Celebrating New Year’s Day is always mixed with sobriety (talk about paradoxes) thanks to January 1 being the anniversary of J. Gresham Machen’s death (1937). He died of pneumonia at 7:30 Central Standard Time in a Roman Catholic hospital in Bismarck, North Dakota.
To honor the man, here is an excerpt from his defense of his vote against a motion before the Presbytery of New Brunswick to support Prohibition (which by the way bears on this matter of the Bible speaking to all of life and the flip side of Christian liberty):
In the first place, no one has a greater horror of the evils of drunkenness than I or a greater detestation of any corrupt traffic which has sought to make profit out of this terrible sin. It is clearly the duty of the church to combat this evil.
With regard to the exact form, however, in which the poser of civil government is to be used in this battle, there may be difference of opinion. Zeal for temperance, for example, would hardly justify an order that all drunkards should be summarily butchered. The end in that case would not justify the means. Some men hold that the Eighteenth Amendment and the Volstead Act are not a wise method of dealing with the problem of intemperance, and that indeed those measures, in the effort to commplish moral good, are really causing moral harm. I am not expressing any opinion on this question now, and did not do so by my vote in the Presbytery of New Brunswick. But I do maintain that those who hold the view that I have just mentioned have a perfect right to their opinion, so far as the law of our church is concerned, and should not be coerced in any way by ecclesiastical authority. The church as a right to exercise discipline where authority for condemnation of an act can be found in Scripture, but it has no such right in other cases. And certainly Scripture authority cannot be found in the particular matter of the Eighteenth Amendment and the Volstead Act . . .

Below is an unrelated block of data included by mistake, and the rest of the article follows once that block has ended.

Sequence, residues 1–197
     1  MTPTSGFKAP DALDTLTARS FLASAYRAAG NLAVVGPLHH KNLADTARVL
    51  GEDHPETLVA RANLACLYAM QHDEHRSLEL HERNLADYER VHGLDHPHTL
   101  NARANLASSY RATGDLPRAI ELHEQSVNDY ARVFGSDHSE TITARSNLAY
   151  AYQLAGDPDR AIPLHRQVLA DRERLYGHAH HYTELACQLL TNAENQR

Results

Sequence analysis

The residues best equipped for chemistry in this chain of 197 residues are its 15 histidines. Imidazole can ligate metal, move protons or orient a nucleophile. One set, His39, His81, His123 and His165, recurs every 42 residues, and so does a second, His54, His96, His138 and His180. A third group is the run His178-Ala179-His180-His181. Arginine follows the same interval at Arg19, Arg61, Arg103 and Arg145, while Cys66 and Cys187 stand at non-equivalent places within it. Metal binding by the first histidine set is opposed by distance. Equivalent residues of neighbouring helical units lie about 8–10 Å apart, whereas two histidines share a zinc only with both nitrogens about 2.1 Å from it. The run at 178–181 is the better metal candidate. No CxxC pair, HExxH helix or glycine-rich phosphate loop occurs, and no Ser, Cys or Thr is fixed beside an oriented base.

In making of itself, moreover, in so many instances primarily an agency of law enforcement, and thus engaging in the duties of the police, the church, I am constrained to think, is in danger of losing sight of its proper function, which is that of bringing to bear upon human souls the sweet and gracious influences of the gospel. Important indeed are the functions of the police, and members of the church, in their capacity as citizens, should aid by every proper means within their power in securing the discharge of those functions. But the duty of the church in its corporate capacity is of quite a different nature. (“Statement on the Eighteenth Amendment,” J. Gresham Machen: Selected Shorter Writings, 394-95).